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PART THREE: The Weimar Republic - SOURCES

Section One: The Foundations of the Republic - 1918-1923

Source A


On 1 October 1918 Ludendorff asks the SPD be brought into government.
I have asked His Majesty to bring those people into the government who are largely responsible that things have turned out as they have. We shall therefore see these gentlemen enter the ministries, and they must now make the peace which has to be made. They must now eat the soup which they have landed us in !

Source B



Workers and soldiers –

Your hour has come. Now, after long endurance and days of silence, you have set about the task. It is not too much to say: at this time the world is watching you, and you hold the fate of the world in your hands.

Workers and soldiers! Now that the hour has come, there can be no going back. The same ‘socialists’ who have laboured for four years in the pay of the government, who have in recent weeks put you off with the ‘people’s government’, with parliamentary government and other trash, are now doing everything to impair your struggle, and to break up the movement.

(Manifesto of the Spartacus Group, 8 November 1918.)


Source C


On 9 November 1918 the SPD leader Ebert accepts the post of Chancellor.
Prince Max of Baden… Has turned over to me the task of carrying on the affairs of the Reich Chancellor. I have in mind to form a government by consent of the parties and will give a public report on this shortly.

The new government will be a people’s government. Its goal will be to bring peace to the German people as soon as possible, and to establish firmly the freedom which it has achieved.

Fellow Citizens: I ask you all for your support in the heavy tasks that await us. You know how seriously the war has threatened the sustenance of the people … The political revolution should not interfere with the feeding of the population.

(Chancellor Freidrich Ebert’s Manifesto, 9 November 1918)


Source D

In his memoirs General Groener remembers his secret telephone conversation with Ebert on 10 November 1918.



In the evening (10th November) I telephoned the Reich Chancellery and told Ebert that the army put itself at the disposal of the government, that in return for this the Field-Marshal and the officer corps expected the support of the government in the maintenance of order and discipline in the army. The officer corps expected the government to fight against Bolshevism and was ready for the struggle. Ebert accepted my offer of an alliance. From then on we discussed the measures which were necessary every evening on a secret telephone line between the Reich Chancellery and the high command. The alliance proved successful.

We (the high command) hoped through our action to gain a share of the power in the new State for the army and the officer corps. If we succeeded, then we would have rescued into the new Germany the best and strongest element of old Prussia, despite the revolution.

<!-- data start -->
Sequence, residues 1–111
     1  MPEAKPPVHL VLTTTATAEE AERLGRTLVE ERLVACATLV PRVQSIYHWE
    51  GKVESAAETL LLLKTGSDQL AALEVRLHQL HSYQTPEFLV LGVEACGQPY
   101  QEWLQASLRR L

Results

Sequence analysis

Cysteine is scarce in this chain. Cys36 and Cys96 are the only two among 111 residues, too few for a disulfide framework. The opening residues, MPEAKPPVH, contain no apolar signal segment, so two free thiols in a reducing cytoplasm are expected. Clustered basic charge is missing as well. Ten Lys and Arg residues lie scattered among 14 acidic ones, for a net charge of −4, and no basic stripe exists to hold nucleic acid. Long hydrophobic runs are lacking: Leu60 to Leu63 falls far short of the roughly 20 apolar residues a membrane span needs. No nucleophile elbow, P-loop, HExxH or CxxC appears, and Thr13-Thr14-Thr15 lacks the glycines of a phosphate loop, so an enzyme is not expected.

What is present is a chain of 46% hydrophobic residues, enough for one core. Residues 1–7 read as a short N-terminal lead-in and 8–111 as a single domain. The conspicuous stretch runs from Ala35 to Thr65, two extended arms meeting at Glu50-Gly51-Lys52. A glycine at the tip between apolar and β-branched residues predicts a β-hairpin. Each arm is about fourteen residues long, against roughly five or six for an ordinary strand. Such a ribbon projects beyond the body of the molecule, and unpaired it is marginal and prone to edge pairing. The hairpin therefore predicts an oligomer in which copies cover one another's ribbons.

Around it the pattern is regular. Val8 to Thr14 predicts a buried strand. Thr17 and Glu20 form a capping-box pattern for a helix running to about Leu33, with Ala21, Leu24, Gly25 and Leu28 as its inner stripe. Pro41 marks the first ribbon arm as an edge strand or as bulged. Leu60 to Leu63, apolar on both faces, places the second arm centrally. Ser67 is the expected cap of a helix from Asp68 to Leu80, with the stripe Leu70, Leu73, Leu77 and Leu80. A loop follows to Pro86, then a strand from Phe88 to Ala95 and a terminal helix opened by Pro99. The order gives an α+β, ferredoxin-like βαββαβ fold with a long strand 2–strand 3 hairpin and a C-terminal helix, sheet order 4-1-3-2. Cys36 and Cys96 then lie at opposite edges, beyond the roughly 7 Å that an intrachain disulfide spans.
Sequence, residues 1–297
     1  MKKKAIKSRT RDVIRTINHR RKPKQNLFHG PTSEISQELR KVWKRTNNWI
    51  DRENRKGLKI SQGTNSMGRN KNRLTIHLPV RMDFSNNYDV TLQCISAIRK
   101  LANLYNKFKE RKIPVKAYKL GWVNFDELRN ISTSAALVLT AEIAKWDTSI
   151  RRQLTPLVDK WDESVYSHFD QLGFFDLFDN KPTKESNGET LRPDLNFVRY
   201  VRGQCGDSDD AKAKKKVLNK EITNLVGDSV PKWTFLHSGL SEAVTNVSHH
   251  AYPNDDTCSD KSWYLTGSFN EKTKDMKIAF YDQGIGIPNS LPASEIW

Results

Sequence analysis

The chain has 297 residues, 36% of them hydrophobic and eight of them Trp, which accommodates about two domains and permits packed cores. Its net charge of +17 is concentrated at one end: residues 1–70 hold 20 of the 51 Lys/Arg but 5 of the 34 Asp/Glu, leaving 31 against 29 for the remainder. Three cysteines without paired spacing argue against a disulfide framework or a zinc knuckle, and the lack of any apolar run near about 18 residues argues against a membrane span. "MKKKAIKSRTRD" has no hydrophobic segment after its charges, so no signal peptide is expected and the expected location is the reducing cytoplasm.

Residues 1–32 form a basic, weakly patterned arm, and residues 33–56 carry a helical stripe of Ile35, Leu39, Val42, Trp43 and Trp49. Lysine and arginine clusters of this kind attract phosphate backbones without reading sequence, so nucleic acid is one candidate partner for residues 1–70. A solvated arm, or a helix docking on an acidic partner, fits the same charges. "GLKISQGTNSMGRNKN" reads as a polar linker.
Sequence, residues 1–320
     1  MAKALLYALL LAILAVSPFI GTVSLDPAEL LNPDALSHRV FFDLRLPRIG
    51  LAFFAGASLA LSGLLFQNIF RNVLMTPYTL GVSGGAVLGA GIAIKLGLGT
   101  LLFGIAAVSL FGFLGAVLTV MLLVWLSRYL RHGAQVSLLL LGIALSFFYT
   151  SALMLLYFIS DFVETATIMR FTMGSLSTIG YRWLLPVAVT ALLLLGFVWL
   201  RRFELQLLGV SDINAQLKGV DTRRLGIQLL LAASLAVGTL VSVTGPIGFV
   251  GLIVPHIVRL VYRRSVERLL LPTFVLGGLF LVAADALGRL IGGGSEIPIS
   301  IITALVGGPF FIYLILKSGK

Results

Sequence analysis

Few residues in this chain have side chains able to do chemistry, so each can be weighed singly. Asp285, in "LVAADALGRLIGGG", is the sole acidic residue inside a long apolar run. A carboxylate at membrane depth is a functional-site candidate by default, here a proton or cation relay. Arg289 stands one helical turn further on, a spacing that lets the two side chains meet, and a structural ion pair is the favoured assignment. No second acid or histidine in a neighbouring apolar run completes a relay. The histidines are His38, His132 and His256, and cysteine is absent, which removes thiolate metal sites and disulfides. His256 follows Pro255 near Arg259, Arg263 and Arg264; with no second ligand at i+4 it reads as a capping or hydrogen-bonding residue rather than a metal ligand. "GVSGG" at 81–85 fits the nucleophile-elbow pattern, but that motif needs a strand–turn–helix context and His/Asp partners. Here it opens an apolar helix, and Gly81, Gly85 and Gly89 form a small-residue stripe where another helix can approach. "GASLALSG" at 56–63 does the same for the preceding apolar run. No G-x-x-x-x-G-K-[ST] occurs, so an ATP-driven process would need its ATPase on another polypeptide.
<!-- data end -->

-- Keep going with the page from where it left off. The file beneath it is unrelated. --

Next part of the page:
Source E

In ‘Mein Kampf’ Hitler rails against the November Revolution and its perpetrators.



And so it had all been in vain. In vain all the sacrifices and privations; in vain the hunger and thirst of months which were often endless; in vain the hours in which, with mortal fear clutching at our hearts, we nevertheless did our duty; and in vain the death of two million who died … There followed terrible days and even worse nights – I knew that all was lost. Only fools, liars and criminals could hope in the mercy of the enemy. In these nights hatred grew in me, hatred for those responsible for this deed … There is no making pacts with Jews; there can only be the hard: either – or.

I, for my part, decided to go into politics.

Source F


The liberal newspaper the ‘Frankfurter Zeitung’ appeals to the National Assembly on 10 February 1919.
The German National Assembly in Weimar should resolve as a matter of urgency that a large notice be put up in every room used by the politicians and wherever the machinery of party runs. This notice should bear the message, in letters of fire: ‘Do not forget: the German people has carried out a revolution!’

Source G

Article 48, Weimar Constitution, 1919.



If any state does not fulfil the duties imposed upon it by the Constitution or the laws of the Reich, the Reich President may enforce such duties with the aid of the armed forces.

In the event that public order and security are seriously disturbed or endangered, the Reich President may take the measures necessary for their restoration…


Source H


The Constitution of 1919 included numerous basic welfare rights. Welfare provision was a contentious issue throughout the history of the Weimar Republic.

Article 161, Weimar Constitution, 1919.


In order to maintain public health and the ability to work, to protect motherhood and to make provision against the economic consequences of old age, infirmity and the vicissitudes of life, the Reich will provide a comprehensive system of insurance, in which those insured will make a vital contribution.

Article 163, Weimar Constitution, 1919.


Every German has the moral obligation, his personal freedom notwithstanding, to exercise his mental and physical powers in a manner required by the welfare of all.

Every German shall be given the opportunity to earn his living through productive work. If no suitable opportunity for work can be found, the means necessary for his livelihood will be provided. Further particulars will be given in subsequent legislation.

Source I

Hugo Preuss, a prominent architect of the 1919 Constitution, expresses his concern about how the German people will cope with the new democratic political order.



I have often listened to debates with real concern, glancing rather timidly to the gentlemen of the Right, fearful lest they say to me: ‘Do you hope to give a parliamentary system to a nation like this, one that resists it with every sinew of its body? Our people do not comprehend at all what such a system implies.’ One finds suspicion everywhere; Germans cannot shake off their old political timidity and their deference to the authoritarian state. They do not understand that the new government must be blood of their blood, flesh of their flesh, that their trusted representatives will have to be an integral part of it. Their constant worry is only: ‘how can we best keep our constituted representatives so shackled that they will be unable to do anything?’